On 3 October 2017, the Swiss Federal Tax Administration (“SFTA”) has updated Circular No. 15 regarding the taxation of bonds and derivative financial instruments.
Modifications have been made regarding mostly one-time interest bearing bonds, capital-guaranteed derivatives, bonds issued by foreign group companies with the guarantee of a related Swiss group parent company and structured products. Furthermore, welcome clarifications have been included regarding the tax impact of negative interest rates.In addition to editorial changes, the following modifications have been made:
- Bonds with principally periodical interest, which by virtue of the current low interest environment have no or even a negative yield upon issuance, do not qualify as securities that are mostly or solely one-time interest bearing (IUP bonds).
- Capital Protected Units/Notes, in short CPU(N), qualify among others as capital-guaranteed derivatives. The term of the obligation – contrary to option and convertible bonds – is generally only one to two years.
- Bonds issued by foreign group companies with the guarantee of a related Swiss group parent company have to be qualified as domestic bonds, in case the principal amount of the bond flows back to the Swiss entity either directly or indirectly. In this case, the income from such bonds is subject to withholding tax. The flow-back into domestic territory is permitted in case the funds passed on by the foreign group entity (issuer) to the domestic group entity do not exceed the equity capital of the foreign group company at the balance sheet date.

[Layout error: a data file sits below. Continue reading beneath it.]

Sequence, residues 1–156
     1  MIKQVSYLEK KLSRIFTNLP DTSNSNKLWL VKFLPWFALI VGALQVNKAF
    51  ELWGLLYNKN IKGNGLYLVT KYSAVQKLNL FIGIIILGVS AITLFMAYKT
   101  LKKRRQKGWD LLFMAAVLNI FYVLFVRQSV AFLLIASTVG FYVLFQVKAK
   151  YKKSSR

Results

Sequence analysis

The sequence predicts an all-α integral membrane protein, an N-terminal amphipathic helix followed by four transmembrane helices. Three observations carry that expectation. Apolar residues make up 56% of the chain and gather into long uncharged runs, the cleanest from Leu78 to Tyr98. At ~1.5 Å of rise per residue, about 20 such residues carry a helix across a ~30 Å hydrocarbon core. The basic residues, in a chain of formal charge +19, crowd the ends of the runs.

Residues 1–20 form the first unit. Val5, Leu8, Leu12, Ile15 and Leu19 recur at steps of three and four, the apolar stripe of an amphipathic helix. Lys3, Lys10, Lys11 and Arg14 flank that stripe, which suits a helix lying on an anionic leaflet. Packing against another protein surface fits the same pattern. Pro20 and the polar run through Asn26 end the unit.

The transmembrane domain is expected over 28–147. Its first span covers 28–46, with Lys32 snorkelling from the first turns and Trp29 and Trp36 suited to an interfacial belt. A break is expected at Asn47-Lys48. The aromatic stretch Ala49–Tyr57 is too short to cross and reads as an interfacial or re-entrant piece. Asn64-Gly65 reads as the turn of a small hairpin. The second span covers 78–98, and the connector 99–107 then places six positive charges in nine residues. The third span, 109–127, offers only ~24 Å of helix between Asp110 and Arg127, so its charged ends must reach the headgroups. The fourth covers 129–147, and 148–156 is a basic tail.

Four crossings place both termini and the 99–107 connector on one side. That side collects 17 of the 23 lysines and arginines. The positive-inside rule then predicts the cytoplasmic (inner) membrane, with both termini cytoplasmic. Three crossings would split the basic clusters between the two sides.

- Gains on structured products such as mini futures held as private assets do not qualify as tax free capital gains in cases where the degree of pre-financing surpasses the admissible limit of 25% of the contract value or in cases where the underlying assets are not an underlying asset that can generate a capital gain, such as bonds.
- The non-technical term “negative interest” is used for the commission or premium the investor is willing to accept for the safety of his investment. Private investors are therefore not allowed to deduct this premium as an expense from the income or offset it with interest receivables or other income components. Consequently, this premium qualifies as a capital loss for tax purposes.
- Negative interest on credit balances held as private assets (caused by the negative interest of deposits held with the Swiss National Bank) can be deducted as capital expenditures. Such credit balances held as private assets are bank deposits (savings, deposits and current account balances, payroll accounts as well as time deposits and call deposits). For these types of deposits, the evidence of negative interest is possible as the amount, period and hence the sum of the negative interest can be determined. This is not possible in the case of marketable debt securities (regardless if mostly one-time interest bearing or not) given that the price formation of these securities is defined by various influencing factors thereby making it impossible to determine the portion of the chargeable negative interest for the individual holding period.
We recommend that financial services providers take the above modifications by the SFTA into account and assess a potential impact on their business activities. In particular, we recommend that banks and other issuers of financial products assess whether their term sheets and client tax reports need to be amended to factor in these changes.